True legacy of Günter Grass


In a riveting scene in his novel The Tin Drum, Günter Grass depicts the infamous Reichskristallnacht pogrom of November 1938 as it was witnessed in Danzig by the central character, Oskar Matzerath, a hunchbacked, teenage dwarf. This is no conventional, realist narrative. Writing retrospectively in a post-war lunatic asylum, Oskar recalls the horror from a strange, oblique angle. We hear of four filthy tomcats half-killed by an SA man with a poker, then stuffed in a sack and placed in a garbage can. Another brownshirt in a toyshop draws his dagger. ''He was cutting the dolls open and seemed disappointed each time that nothing but sawdust flowed from their limbs and bodies.'' A third Nazi, with puppets on his fingers, pokes at the Jewish toyshop owner, but he "was beyond being spoken to, beyond being hurt or humiliated". It is a brilliant literary device, more powerfully suggestive than any direct description of the horrors could possibly have been.

The forced dissolution of the Jewish community of Danzig in 1938-9 was a brutal, portentous prelude to the shoah. A "free city", formally ruled by the League of Nations, Danzig had fallen under the effective control of local Nazi thugs. Under menacing pressure, the main synagogue was torn down and most of the city's 10,000 Jews were driven out. The process of expropriation, expulsion, and extermination, is described anew in searing flashbacks in Grass's later book, half-novel, half reportage, From the Diary of a Snail.

Grass was born in Danzig in 1927 to a German father and a Kashubian (Slavic) mother. Much of his fictional writing is quasi-autobiographical and the vanished Danzig of his youth is central to his fiction. He writes without nostalgia, with a penetrating eye that peers round corners, through keyholes, up women's skirts, and into the interstices of the body and the mind. The publication of The Tin Drum in 1959 was a great liberating moment in German culture, releasing a cluster of pent-up taboos. Scabrous, irreverent, inventive, stinking (almost literally so), the book seized readers by their most sensitive organs and shook them mercilessly until they squealed with exquisite pain and anguished hilarity. Suddenly the Nazi past, repressed since the end of the war, was reabsorbed into the consciousness of the generation, not as guilt or repentance or shame but as intensely lived reality. A masterpiece of savage, sardonic artistry, The Tin Drum is the greatest German novel of the post-war period.

Unsparing in his portrayal of the descent to barbarism, deeply humane in his total lack of sentimentality, Grass thrust a bloody finger into the unhealed wounds of the German past. He was not so much the conscience of his nation as its restless, troubled subconscious.

"When I was 15," he wrote in 1972, "I wanted, in thoughts, words and works, to murder my father with my Hitler Youth dagger."

His writing could startle, dazzle and perturb

It should therefore have come as little surprise to an attentive reader, when he revealed in 2006, that at the age of 15 he had served in the Luftwaffe and later in the Waffen SS. In 2012 he earned further black marks by writing a ''poem'' (actually more a string of aphorisms) entitled What Must Be Said. It charged that Israel, a nuclear power, was endangering world peace by threatening war against Iran. The Israeli embassy in Berlin accused him of "blood libel" and the Israeli interior minister pronounced him persona non grata in the country. The mud stuck. Even the JC this week headlined its first website report of his death, "'Jew-baiter' and former SS member Günter Grass Dies".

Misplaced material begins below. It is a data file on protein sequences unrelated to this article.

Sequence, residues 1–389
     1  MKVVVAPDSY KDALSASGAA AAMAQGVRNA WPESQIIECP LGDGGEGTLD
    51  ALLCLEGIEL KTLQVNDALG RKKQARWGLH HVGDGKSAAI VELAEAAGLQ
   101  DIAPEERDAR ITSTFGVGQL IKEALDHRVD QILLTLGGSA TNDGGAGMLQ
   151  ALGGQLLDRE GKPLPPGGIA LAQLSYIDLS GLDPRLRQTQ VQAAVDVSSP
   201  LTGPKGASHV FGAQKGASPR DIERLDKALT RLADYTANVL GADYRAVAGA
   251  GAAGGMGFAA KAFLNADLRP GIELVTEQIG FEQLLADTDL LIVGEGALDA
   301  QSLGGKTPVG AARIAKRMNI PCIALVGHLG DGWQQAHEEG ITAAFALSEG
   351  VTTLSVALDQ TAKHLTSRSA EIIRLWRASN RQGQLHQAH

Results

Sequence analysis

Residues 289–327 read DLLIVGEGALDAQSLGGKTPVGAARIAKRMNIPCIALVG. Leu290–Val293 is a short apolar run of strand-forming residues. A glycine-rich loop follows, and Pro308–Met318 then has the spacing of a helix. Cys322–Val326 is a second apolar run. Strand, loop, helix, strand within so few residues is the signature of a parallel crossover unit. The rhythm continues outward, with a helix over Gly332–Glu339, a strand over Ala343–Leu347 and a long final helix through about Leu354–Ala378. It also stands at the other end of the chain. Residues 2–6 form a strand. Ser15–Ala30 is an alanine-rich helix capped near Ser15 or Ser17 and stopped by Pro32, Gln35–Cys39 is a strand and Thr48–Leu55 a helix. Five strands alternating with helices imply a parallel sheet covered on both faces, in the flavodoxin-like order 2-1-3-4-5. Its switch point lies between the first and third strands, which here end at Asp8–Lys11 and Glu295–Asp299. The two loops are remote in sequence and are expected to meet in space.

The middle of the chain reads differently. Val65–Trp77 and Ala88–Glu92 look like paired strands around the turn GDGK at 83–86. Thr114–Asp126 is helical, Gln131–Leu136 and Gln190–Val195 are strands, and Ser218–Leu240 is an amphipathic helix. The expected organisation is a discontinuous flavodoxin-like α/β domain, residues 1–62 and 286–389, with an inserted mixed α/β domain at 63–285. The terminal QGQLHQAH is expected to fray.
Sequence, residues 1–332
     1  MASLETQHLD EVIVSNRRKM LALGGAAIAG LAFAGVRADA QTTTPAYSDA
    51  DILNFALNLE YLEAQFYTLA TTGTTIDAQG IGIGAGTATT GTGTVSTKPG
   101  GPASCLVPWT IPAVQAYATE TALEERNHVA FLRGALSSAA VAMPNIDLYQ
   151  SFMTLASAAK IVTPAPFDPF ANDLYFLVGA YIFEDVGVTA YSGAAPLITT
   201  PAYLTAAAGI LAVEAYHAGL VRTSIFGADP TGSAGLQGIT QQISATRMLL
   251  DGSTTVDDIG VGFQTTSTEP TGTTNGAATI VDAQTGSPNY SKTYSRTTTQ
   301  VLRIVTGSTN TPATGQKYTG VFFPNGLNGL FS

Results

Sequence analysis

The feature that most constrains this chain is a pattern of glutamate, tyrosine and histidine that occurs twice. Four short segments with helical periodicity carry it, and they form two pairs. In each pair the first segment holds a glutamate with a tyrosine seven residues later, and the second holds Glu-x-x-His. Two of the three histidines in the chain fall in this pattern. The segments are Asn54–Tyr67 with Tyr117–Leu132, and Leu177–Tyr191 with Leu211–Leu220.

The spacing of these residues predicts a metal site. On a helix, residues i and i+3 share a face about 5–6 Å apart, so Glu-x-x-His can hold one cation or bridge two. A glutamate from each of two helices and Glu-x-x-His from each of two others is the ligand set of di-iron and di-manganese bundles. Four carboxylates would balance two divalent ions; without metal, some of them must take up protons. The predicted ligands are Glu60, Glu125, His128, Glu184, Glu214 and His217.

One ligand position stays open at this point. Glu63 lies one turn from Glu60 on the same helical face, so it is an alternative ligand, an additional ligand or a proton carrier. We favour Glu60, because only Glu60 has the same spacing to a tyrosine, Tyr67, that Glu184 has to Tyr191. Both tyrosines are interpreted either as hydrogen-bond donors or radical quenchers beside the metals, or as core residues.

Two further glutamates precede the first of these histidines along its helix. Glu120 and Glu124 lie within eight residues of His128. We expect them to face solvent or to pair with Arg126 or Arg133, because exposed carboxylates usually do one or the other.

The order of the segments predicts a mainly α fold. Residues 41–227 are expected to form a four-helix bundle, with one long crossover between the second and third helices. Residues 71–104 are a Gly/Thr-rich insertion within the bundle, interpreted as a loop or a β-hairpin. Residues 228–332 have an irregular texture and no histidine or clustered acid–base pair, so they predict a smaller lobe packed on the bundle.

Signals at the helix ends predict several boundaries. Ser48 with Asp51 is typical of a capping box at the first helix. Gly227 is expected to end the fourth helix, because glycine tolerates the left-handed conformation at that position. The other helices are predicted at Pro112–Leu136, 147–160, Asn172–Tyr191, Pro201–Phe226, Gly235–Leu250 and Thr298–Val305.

But can the life of a great writer be subjected to such narrow reductionism? Similar questions arise in the case of two of the foremost English-language poets of the mid-20th century, Ezra Pound, an unrepentant celebrator of fascism, and TS Eliot, who was certainly some sort of antisemite.

In the case of Grass such questions are unavoidable because so much of his writing was political, concerned with the central moral-historical issues of the 20th century. He was a social democrat for much of his adult life and an intimate adviser to the Federal German Chancellor Willy Brandt. But his anarchic, combative, contradictory spirit led him to take up perversely idiosyncratic positions that were unpopular on the left. He spoke up for the 12 million Germans who (like himself) were compelled after the war to leave ancient centres of German settlement in eastern Europe. After the fall of the Berlin wall he opposed German reunification. At different times he was reviled by the left and the right. He was accused of being a Nestbeschmutzer (one that soils his own nest). The revelation of his Nazi youth struck many as puncturing a hole of hypocrisy in what they saw as his preaching and sermonising.

Whether the 17-year-old Grass of 1944 should be held as accountable for his wartime actions as the adult Pound is questionable. But should the possibly insane Pound be held as accountable as the undoubtedly sane, if brainwashed, teenage Grass? Was Grass more blameworthy than the young Joseph Ratzinger (later Pope Benedict XVI), almost exactly the same age as Grass, who, like him, was conscripted into the Luftwaffe towards the end of the war?

But a serious assessment of Grass cannot be confined to these questions alone. Do any of them diminish the stature of his work or his literary vision? As one who was simultaneously enthralled and disturbed when I first encountered his fiction 40 years ago, I can only say that to my mind these biographical controversies diminish not one whit the power of his writing to startle, dazzle, illuminate, and perturb – the functions of the great writer throughout the ages.

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